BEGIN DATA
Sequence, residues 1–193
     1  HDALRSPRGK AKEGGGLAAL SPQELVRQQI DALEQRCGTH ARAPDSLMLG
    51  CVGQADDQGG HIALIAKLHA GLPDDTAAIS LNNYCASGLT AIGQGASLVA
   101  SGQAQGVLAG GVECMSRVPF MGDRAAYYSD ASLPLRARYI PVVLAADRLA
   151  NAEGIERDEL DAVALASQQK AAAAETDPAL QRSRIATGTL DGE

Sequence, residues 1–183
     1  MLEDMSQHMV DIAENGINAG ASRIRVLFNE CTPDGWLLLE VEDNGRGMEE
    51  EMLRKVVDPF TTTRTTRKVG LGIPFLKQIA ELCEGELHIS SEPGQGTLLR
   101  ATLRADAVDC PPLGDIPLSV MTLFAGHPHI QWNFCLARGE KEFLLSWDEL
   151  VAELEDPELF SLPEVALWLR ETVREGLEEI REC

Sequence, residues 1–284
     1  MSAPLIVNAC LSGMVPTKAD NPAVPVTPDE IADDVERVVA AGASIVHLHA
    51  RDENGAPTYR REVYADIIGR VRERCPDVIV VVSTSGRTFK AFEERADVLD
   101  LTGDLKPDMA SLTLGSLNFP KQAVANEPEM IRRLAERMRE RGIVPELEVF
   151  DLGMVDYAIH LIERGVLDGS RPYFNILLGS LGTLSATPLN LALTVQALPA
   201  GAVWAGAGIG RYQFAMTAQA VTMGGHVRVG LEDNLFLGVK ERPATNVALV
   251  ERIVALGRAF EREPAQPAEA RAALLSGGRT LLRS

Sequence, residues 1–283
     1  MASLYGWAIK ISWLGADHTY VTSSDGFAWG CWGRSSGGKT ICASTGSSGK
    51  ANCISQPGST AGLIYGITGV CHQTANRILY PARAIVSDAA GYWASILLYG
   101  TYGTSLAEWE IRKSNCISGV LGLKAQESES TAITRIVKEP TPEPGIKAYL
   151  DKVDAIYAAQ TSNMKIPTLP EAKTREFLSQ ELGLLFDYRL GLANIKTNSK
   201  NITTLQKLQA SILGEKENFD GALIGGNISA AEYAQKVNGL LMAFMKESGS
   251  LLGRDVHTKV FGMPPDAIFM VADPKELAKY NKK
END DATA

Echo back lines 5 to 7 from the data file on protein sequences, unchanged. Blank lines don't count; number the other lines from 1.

   151  NAEGIERDEL DAVALASQQK AAAAETDPAL QRSRIATGTL DGE

Sequence, residues 1–183
     1  MLEDMSQHMV DIAENGINAG ASRIRVLFNE CTPDGWLLLE VEDNGRGMEE